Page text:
The Waterstones Book Club

With the very best of last year’s hardback publishing now shifting format into paperback, May traditionally provides some hugely rich pickings.

For our new carefully-chosen Book Club selection, this year is no exception, with standout works from pedigree authors Pat Barker, Jonathan Coe and Louis de Bernières through to two impressive debuts we’d be delighted to put your way.

This week, we're reading...

Hitman Anders and the Meaning of It All

Hitman Anders and the Meaning of It All by Jonas Jonasson

Seven years ago, Jonas Jonasson’s exuberant debut The Hundred-Year-Old Man Who Climbed Out the Window and Disappeared swept across Europe and quickly established itself as a mainstay of comic fiction in our shops. A similar feel for the fantastic bubbles through Jonasson’s now third book, Hitman Anders and the Meaning of It All, an absurdist romp through Sweden, where three highly unusual strangers embark on a lucrative new venture that may just involve a certain amount of assassination. When their key player however suddenly finds his faith in Jesus, a need for an audacious plan B only adds fuel to an already blazing fire…

Our spring Book Club

The Gracekeepers by Kirsty Logan

The Gracekeepers by Kirsty Logan

The Gracekeepers charts the narrative of two young women – one a dancer with an extraordinary floating circus, the other a sea-borne grave-tender, the gracekeeper of the title – who, despite their outward differences, seem intimately linked. Logan weaves a profound sense of the ocean’s wonder and dread together with ancient Celtic myth to create a properly original debut novel.

The Dust That Falls from Dreams by Louis de Bernières

The Dust That Falls From Dreams by Louis de Bernières

This is a hugely confident, charming and deeply moving book, befitting the singular talent who delivered Captain Corelli’s Mandolin back in the nineties. The sequence of terrible conflicts that defined the early stages of the twentieth century provides The Dust That Falls from Dreams its edge of continual, uncertain tragedy; three families – one Scottish, one American, one Anglo-French – torn apart by the horrors of war in France and Afghanistan, find equal moments of love and tenderness in a novel sensitively punctuated by a patchwork of letters, poems and diary extracts.

Noonday by Pat Barker

Noonday by Pat Barker

Noonday brings to a close the trilogy Pat Barker began with the earlier Life Class and Toby’s Room, two interwar novels foreshadowed by the devastating wartime events of the third. A besieged, blasted London provides an apocalyptic stage for our trio of sometime Slade artists, now consumed by home front activity, each searching for reason and meaning amongst the madness and violence.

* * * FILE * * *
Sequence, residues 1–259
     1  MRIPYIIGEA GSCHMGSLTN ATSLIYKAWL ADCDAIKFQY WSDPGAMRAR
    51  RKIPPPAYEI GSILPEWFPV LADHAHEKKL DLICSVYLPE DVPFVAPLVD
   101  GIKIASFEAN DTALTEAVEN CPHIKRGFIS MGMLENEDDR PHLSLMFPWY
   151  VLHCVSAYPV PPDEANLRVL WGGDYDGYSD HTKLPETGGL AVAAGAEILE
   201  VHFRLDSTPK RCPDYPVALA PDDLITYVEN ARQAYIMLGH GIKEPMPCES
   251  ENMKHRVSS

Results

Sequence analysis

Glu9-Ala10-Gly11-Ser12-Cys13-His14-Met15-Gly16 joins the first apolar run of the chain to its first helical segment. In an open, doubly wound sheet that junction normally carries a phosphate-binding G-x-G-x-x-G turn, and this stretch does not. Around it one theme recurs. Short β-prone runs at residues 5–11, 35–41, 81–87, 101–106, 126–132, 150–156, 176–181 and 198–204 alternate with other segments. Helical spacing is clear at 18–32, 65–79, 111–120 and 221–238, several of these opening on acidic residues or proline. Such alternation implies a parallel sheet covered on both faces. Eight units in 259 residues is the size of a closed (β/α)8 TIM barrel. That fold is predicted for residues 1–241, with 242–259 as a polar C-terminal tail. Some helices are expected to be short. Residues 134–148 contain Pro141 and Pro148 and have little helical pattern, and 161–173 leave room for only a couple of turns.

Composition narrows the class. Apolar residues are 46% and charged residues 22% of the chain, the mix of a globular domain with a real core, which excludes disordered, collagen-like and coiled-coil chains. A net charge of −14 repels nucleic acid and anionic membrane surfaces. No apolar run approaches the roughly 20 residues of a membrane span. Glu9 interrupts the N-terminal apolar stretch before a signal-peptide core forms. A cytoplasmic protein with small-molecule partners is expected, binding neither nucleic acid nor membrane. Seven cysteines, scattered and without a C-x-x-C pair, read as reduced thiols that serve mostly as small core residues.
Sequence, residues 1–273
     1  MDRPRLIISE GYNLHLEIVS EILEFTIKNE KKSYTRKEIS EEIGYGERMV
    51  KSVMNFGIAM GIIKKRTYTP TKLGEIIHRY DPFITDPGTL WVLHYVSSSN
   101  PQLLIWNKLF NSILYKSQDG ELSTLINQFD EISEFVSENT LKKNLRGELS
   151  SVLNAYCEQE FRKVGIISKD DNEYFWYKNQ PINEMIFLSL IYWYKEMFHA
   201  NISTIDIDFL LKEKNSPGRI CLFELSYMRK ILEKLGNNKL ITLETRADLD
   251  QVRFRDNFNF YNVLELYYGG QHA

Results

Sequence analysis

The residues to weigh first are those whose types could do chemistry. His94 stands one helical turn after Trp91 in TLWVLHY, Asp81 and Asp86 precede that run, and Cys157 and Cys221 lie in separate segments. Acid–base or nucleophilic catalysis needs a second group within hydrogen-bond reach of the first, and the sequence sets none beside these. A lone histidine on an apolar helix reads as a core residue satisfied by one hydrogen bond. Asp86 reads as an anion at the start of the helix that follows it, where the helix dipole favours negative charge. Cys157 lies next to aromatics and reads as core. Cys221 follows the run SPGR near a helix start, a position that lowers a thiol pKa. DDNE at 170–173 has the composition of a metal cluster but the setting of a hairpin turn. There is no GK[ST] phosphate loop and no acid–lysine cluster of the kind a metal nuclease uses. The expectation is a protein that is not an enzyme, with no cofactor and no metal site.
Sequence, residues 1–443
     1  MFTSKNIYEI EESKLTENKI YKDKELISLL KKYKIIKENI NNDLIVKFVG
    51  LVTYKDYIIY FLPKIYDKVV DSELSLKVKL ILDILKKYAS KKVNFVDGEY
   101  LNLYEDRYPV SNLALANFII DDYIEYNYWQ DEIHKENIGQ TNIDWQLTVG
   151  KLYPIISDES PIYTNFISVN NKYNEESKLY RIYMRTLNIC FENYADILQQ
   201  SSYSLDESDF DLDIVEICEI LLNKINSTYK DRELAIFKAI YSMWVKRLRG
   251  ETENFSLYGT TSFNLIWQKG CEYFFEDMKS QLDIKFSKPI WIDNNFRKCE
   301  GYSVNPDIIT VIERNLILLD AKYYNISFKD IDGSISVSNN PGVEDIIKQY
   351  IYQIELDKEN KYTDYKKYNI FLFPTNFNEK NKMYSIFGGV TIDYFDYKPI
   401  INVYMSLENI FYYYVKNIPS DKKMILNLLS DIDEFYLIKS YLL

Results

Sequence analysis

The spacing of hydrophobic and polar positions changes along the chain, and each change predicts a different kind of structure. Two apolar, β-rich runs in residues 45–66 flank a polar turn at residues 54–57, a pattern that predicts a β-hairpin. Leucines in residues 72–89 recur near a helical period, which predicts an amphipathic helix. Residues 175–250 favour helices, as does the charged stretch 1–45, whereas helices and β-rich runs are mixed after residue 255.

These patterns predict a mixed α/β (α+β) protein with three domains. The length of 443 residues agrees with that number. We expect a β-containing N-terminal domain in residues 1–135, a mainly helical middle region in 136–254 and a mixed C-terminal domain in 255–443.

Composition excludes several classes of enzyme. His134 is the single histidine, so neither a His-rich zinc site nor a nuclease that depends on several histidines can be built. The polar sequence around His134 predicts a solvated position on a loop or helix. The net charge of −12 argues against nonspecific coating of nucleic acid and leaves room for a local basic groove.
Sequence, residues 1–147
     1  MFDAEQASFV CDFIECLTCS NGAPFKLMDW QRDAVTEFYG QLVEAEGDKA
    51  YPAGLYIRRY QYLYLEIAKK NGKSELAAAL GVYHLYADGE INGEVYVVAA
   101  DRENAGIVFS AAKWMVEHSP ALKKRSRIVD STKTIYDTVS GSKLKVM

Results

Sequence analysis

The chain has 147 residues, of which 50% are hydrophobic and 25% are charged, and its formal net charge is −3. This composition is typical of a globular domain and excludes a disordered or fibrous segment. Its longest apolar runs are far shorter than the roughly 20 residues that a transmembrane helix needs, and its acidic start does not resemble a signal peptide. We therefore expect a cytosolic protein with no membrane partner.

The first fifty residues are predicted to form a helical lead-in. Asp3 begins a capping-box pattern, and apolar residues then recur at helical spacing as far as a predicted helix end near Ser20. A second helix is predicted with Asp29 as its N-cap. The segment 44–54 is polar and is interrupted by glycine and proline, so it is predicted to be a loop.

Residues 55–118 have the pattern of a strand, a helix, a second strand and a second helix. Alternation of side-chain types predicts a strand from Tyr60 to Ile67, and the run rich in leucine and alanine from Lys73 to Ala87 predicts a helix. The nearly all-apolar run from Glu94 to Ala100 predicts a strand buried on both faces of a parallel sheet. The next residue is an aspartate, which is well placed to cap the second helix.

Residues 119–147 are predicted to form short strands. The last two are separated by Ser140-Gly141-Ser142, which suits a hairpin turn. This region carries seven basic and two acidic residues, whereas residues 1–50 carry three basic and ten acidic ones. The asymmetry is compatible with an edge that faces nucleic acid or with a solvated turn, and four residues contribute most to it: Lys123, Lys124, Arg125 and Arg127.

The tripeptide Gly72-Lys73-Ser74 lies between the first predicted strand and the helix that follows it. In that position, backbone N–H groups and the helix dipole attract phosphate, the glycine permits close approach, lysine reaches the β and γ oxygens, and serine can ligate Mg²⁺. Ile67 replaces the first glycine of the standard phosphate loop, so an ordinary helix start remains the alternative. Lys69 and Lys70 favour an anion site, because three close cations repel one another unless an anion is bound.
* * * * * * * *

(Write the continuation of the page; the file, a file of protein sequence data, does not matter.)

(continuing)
Number 11 by Jonathan Coe

Jonathan Coe’s heightened sense of the absurd has provided us with some of our most savage satiric novels, notably 2001’s The Rotters’ Club and his reputation-establishing What a Carve Up! from which, two decades later, Number 11 arrives as an approximate sequel. Here Coe holds a very polished mirror to a disquietly disintegrating Britain, the proper rot heralded by the aftermath of the 2003 invasion of Iraq. Alison and Rachel, two young women attempting to find their way in the world, provide an effective counterpoint to the novel’s grimly-laconic parade of the idiotic and the hateful.

Early One Morning by Virginia Baily

Virginia Baily’s second novel neatly sidesteps the usual tropes for war-set novels with an intimate but swiftly-paced tale where one snap decision opens up a lifetime of consequence. Early One Morning moves between a battle-torn Rome and its comparative, cosmopolitan bliss of the seventies as Chiara Ravello is haunted by memories of Daniele, a boy saved from certain death by her own selflessness. Deeply wounded by Daniele’s subsequently troubled life, a telephone call prompts her to confront the shadows of her own past.

The Loney by Andrew Michael Hurley

The Loney by Andrew Michael Hurley

Originally published by Ray Russell’s specialist horror press Tartarus, Andrew Michael Hurley’s decidedly unsettling debut The Loney was one of those bookseller word-of-mouth novels that gathered momentum by the sheer merit of its writing, ultimately going on to bag the Costa First Novel Award for 2015. Deftly conjuring the rain-soaked wastes of the Lancashire coast, Catholic faith and the seemingly supernatural underpin a disturbing coming of age for a boy and his mentally disturbed brother.

Black Eyed Susans by Julia Heaberlin

Black Eyed Susans by Julia Heaberlin

Accomplished Texan author Julia Heaberlin expertly applies a sense of genuine, sinking dread to Black Eyed Susans, a thriller that soared to the top of our charts on its publication in March. For decades, serial killer survivor Tessa has been rebuilding her life following her near-fatal attack and now a man stands on trial for this and the murder of several other women. An efficient defence team however have other ideas, opening a door to Tessa’s past and some deeply uncomfortable secrets..

Previous Book Club books

Here at Waterstones we think long and hard to ensure our Book Club titles reflect the incredible breadth of British paperback publishing at its best. With this in mind, we’re quietly confident that any of our past Book Club titles will offer a genuinely compelling read.